NOTE: The details in this blog are provided for informational purposes only. All answers are general in nature and do not constitute legal advice. If legal advice or other expert assistance is required, the services of a competent professional should be sought. The author specifically disclaims any and all liability arising directly or indirectly from the reliance on or use of this blog.
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MSHA Proposes Delay in Rule on Examinations of Working Places

The Department of Labor (DOL) has proposed a delay in the effective date of the final rule on Examinations of Working Places in Metal and Nonmetal Mines from May 23, 2017, to July 24, 2017.

The Mine Safety and Health Administration (MSHA) is proposing to delay the effective date to assure that mine operators and miners affected by the final rule have the training and compliance assistance they need.

The proposed delay is also consistent with the Jan. 20, 2017, White House memorandum, titled “Regulatory Freeze Pending Review.”

MSHA published the final rule on Jan. 23, 2017. The agency is soliciting comments on the limited issue of whether to extend the effective date to July 24, 2017, and whether this extension offers an appropriate length of time for compliance.


NOTE: The details in this blog are provided for informational purposes only. All answers are general in nature and do not constitute legal advice. If legal advice or other expert assistance is required, the services of a competent professional should be sought. The author specifically disclaims any and all liability arising directly or indirectly from the reliance on or use of this blog.
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Proposed Fiduciary Rule Delay Sent to OMB for Approval

The Department of Labor (DOL), after closing a 15-day commentary period, has sent for approval the proposed 60-day delay in its Fiduciary Rule to the Office of Management and Budget (OMB), which would push its implementation date from April 9 to June 10 at the earliest.

Observers now believe there may be several delays as the DOL pursues an executive order from President Trump that requested a full review of the Fiduciary Rule and its impact on consumers.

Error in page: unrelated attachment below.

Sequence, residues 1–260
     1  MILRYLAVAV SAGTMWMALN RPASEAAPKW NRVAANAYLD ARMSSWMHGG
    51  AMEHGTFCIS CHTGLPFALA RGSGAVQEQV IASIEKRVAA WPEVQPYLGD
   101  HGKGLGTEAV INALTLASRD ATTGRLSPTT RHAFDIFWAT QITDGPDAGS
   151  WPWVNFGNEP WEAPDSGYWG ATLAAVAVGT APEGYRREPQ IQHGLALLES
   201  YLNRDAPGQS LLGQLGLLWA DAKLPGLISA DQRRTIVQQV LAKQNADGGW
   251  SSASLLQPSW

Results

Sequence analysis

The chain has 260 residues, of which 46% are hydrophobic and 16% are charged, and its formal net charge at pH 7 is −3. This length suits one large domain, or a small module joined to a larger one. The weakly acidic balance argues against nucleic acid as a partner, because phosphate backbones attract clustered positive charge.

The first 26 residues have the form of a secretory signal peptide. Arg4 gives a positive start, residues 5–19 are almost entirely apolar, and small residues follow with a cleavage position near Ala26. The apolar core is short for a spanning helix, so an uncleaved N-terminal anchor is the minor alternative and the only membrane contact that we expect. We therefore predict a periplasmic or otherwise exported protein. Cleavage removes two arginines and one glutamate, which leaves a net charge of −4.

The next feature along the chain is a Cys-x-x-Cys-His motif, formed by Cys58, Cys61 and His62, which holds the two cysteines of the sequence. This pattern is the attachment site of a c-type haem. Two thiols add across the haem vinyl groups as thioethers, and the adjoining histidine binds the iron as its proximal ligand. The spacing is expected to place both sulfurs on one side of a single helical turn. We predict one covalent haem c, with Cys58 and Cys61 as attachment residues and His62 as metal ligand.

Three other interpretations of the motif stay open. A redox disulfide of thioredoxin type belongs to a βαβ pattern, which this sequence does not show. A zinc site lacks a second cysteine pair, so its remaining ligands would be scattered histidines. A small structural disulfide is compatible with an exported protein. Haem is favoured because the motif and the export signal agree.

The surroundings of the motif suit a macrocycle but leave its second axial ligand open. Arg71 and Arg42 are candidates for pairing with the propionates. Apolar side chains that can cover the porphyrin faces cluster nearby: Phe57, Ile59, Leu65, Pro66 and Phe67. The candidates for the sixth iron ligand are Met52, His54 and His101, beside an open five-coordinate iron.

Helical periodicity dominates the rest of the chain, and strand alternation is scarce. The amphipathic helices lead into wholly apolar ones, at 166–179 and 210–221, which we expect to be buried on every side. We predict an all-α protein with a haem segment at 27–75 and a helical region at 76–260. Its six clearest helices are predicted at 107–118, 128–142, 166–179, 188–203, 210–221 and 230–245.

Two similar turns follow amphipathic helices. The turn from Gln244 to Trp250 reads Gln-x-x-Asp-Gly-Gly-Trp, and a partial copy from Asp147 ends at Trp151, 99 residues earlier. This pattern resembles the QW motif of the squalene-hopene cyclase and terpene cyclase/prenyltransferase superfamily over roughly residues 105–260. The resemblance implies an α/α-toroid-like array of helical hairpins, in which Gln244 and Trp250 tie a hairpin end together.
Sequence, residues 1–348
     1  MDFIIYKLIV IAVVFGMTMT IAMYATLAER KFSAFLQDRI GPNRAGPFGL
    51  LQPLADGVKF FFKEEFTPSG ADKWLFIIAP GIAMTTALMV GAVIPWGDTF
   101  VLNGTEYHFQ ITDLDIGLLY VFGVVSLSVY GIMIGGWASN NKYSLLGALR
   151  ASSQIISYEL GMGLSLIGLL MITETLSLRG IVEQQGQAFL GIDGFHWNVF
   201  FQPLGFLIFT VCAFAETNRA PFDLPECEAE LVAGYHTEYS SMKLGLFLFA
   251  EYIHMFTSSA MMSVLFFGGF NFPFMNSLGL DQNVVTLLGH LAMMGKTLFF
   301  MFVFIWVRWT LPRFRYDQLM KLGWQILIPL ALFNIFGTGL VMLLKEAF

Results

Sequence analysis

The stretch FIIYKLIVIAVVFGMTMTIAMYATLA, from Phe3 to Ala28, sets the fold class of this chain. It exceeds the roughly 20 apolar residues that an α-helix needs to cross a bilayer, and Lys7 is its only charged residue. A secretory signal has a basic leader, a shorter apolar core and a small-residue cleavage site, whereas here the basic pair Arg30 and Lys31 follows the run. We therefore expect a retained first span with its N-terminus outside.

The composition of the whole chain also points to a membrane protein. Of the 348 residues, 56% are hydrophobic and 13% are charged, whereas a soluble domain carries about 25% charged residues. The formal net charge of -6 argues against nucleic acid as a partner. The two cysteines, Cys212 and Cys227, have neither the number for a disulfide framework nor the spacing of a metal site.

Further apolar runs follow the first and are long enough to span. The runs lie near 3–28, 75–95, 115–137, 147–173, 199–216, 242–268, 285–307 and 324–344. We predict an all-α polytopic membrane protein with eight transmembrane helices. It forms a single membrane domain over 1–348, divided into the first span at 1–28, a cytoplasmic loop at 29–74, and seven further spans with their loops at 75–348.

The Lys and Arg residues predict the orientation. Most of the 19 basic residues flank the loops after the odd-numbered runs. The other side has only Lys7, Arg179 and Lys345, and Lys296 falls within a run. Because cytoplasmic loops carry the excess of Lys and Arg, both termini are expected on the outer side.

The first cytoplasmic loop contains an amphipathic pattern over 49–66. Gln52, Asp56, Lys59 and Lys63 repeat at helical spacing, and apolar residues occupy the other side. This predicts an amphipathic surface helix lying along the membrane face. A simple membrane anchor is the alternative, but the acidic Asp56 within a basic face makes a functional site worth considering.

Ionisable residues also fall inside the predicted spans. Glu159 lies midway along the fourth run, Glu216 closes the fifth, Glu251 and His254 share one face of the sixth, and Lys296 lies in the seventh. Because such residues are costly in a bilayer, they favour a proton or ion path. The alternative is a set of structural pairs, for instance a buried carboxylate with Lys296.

The Fiduciary Rule imposes on agents marketing retirement accounts to put their clients’ best interests first and foremost, rather than leading them to the most-lucrative-to-them retirement plans.

The DOL received more than 1,000 comments on the proposed delay, both pro and con on the rule itself and on its delay. Once OMB approves the proposed delay, the DOL will publish it in the Federal Register.


NOTE: The details in this blog are provided for informational purposes only. All answers are general in nature and do not constitute legal advice. If legal advice or other expert assistance is required, the services of a competent professional should be sought. The author specifically disclaims any and all liability arising directly or indirectly from the reliance on or use of this blog.
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HHS Secretary Pledges to Uphold Obamacare

Testifying before Congress today, Health and Human Services Secretary Tom Price pledged to uphold the Affordable Care Act (ACA, or Obamacare) so long as it is “the law of the land,” including the individual and employer mandates.

“So long as the law is on the books, we at the department are obliged to uphold the law,” he said.

According to reports, however, Dr. Price skipped around questions about funding, which Republicans in Congress could cut or his department could play games with.

This came amid reports that Republicans in the House of Representatives are conferring on ways to revive the American Health Care Act (AHCA) that was withdrawn from a vote this past Friday and which would “repeal and replace” the ACA if passed.


NOTE: The details in this blog are provided for informational purposes only. All answers are general in nature and do not constitute legal advice. If legal advice or other expert assistance is required, the services of a competent professional should be sought. The author specifically disclaims any and all liability arising directly or indirectly from the reliance on or use of this blog.
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‘More Resolved Than Ever’ to Repeal Obamacare, House Leaders Say

Only four days after the humiliation of not being able to unite their party to vote for a replacement for the Affordable Care Act (ACA, or Obamacare), House Republican leaders said “we’re closer today to repealing Obamacare than we ever were before,” and in the words of Majority Whip Steve Scalise, “more resolved than ever to repeal this law.”

House Speaker Paul Ryan refused to put a timeline on the repeal-and-replace effort, but noted: “We want to get it right. We’ll keep talking to each other until we get it right.”

“In the meantime,” he added, “we’re going to do all the other work that we came here to do.”


NOTE: The details in this blog are provided for informational purposes only. All answers are general in nature and do not constitute legal advice. If legal advice or other expert assistance is required, the services of a competent professional should be sought. The author specifically disclaims any and all liability arising directly or indirectly from the reliance on or use of this blog.
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Trump Signs Joint Resolutions Killing Four Obama-era Regulations

On Monday, March 27, President Trump signed four separate Joint Resolutions of Congress to kill regulations issued under President Obama, the most notable of which being the Fair Pay and Safe Workplaces Rule.